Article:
Tag: "mesh"

Posted March 30, 2022 by Ry Marcattilio

If you don't quite have enough good broadband podcast content in your life (we don't know how that's possible with a backlog of almost 500 episodes of Broadband Bits and nearly 40 episodes of the Connect This! show), you're in luck. The always-wonderful 99 Percent Invisible podcast, which looks at the design of the built world, takes on last-mile network infrastructure in the most recent episode of its bonus Future of.. series.

In "The Future of the Final Mile," Roman Mars uses the evolution of broadband access over a handful of years in Detroit and Chattanooga to illustrate what happens when a community sucessfully takes the future of its information infrastructure into its own hands. With interviews from local residents and broadband advocates, the episode addresses the uneven broadband marketplace, efforts to address inequitable access in Detroit through a citizen-created wireless mesh network, and a full fiber-to-the-home build in Chattanooga. Mars and his co-producer ask a lot of good questions about why more communities don't take bold steps, why preemption persists in 17 states, and what communities can do.

The episode is 41 minutes long. Listen to "The Future of the Final Mile" here, or read the transcript here.

Posted December 14, 2021 by Ry Marcattilio

A year after a group of local broadband champions got together to see how they could improve Internet access in Missoula, Montana, the Missoula Valley Internet Cooperative has successfully raised funds and designed, deployed, and launched a wireless mesh network delivering 150 Megabit per second (Mbps) symmetrical service to more than 50 of 550 pre-registered households for, on average, $40-60/month. The community-owned option has injected some welcome competition to a stagnant local broadband market, with a second network already in the planning stages in a community to the north.

Both efforts are being driven by the Pacific Northwest Rural Broadband Alliance (PNWRBA), a Missoula, Montana-based nonprofit aiming to build resiliency, local capacity, and expand quality Internet access to the region by making use of a variety of community-oriented business models. The nonprofit serves not only to coordinate grassroots organizing efforts, but provide technical assistance and lead policy engagement with local leaders. It is running a dual mission. First, to bring faster and more affordable Internet access via a community-owned model to the area. And second, to prove out a series of models in the region with the hopes of generating additional community-based approaches to improving broadband in the region and beyond.

Grant Creek 

At present, the Missoula Valley Internet Cooperative covers Missoula’s (pop. 74,000) Grant Creek neighborhood, a roughly one and a half square-mile area (see right) of 400 households bounded by the Clark Fork River and Highway 90. But the eventual plan is to cover all of Missoula before expanding to cover East Missoula, Bonner, and Clinton, and then head south toward Lolo. The total proposed coverage area (see below) is reminiscent of the shape of the state of Florida, about 30 miles wide and 50 miles long, with the city of Missoula at the northeast corner and including the cities and towns along the T-shape made by Interstate 90 and State Highway 93.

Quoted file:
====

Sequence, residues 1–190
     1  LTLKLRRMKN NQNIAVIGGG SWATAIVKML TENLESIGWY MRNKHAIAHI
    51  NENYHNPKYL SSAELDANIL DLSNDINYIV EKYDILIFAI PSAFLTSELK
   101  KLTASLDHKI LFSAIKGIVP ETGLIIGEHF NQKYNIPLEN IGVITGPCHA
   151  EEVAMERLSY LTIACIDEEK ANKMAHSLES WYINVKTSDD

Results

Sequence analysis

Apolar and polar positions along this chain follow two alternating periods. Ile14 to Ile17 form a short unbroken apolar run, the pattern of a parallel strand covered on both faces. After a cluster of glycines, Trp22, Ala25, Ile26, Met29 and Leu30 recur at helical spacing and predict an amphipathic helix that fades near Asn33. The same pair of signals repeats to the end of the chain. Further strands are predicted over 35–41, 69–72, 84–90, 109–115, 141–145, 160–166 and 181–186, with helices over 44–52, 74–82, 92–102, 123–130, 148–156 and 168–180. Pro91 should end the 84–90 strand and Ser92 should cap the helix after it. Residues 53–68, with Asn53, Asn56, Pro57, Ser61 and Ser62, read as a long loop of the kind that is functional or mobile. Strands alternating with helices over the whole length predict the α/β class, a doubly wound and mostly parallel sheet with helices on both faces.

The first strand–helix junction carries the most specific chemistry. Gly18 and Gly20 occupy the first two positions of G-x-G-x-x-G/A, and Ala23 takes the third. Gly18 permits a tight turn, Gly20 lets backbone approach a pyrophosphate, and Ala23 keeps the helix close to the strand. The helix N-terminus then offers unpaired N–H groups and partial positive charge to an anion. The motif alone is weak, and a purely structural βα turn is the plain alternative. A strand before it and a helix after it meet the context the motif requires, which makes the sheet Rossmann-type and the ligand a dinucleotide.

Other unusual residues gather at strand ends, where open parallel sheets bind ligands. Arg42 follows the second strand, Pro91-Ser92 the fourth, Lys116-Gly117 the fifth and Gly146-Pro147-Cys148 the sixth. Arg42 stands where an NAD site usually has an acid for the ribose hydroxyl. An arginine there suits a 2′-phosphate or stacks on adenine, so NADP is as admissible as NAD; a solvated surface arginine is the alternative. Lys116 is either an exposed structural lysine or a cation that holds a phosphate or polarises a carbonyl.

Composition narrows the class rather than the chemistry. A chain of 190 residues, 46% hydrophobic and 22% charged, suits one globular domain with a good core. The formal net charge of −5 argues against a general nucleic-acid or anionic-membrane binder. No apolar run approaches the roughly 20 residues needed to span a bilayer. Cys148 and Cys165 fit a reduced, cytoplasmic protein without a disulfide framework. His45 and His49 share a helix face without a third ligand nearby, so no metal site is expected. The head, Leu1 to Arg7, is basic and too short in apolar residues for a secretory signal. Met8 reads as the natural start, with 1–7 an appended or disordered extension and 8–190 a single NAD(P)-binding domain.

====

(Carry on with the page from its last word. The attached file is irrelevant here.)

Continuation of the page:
In its first service area the network provides Internet access...

Read more
Posted October 21, 2021 by Ry Marcattilio

Join us live on Monday, October 25th at 5pm ET for Episode 23 of the Connect This! Show, where co-hosts Christopher and Travis Carter (USI Fiber) will be joined by Neil Mylet and Deb Simpier (Althea Networks) to talk about grassroots networking. They'll dive into into the hardware and software considerations made in building hyperlocal networks, and bringing together people passionate about returning knowledge and control to build more resilient communities.

Subscribe to the show using this feed, or visit ConnectThisShow.com

Email us broadband@muninetworks.org with feedback, ideas for the show, or your pictures of weird wireless infrastructure to stump Travis.

Watch here or below on YouTube Live, or via Facebook Live here.

Posted July 23, 2021 by Maren Machles

 

While Cleveland was ranked one of worst-connected cities in America in 2019 by the National Digital Inclusion Alliance (NDIA), nonprofit, DigitalC is chipping away at this reputation with a fast-tracked initiative aimed at bringing affordable broadband to the people that need it. The nonprofit’s Wireless Internet Service Provider, EmpowerCLE+ launched in 2018 and quickly accelerated in 2020 in response to the pandemic. EmpowerCLE+ provides “fast, reliable Internet speeds for $18/month, and is hoping to double its capacity to 6,000 households in the coming year.

Currently, households are receiving service via a fiber-fed mesh millimeter wave network. The expansion will include additional fiber for Multi-Dwelling Units (MDUs) as well as new wireless deployments, including Citizens Broadband Radio Service (CBRS) network. The new CBRS expansion will help the network overcome geographical obstacles and bring additional service to homes it was not able to reach before with just millimeter wave technology.  

Connecting the Unconnected

According to DigitalC's website, the nonprofit came from OneCommunity, formerly known as OneCleveland and founded in 2003 to build a backbone fiber network connecting hospitals and other nonprofits throughout the metropolitan area. In 2014, OneCommunity sold its fiber assets to Everstream, a Cleveland-based ISP serving communities throughout the midwest and parts of the east coast with fast, reliable Internet through fiber.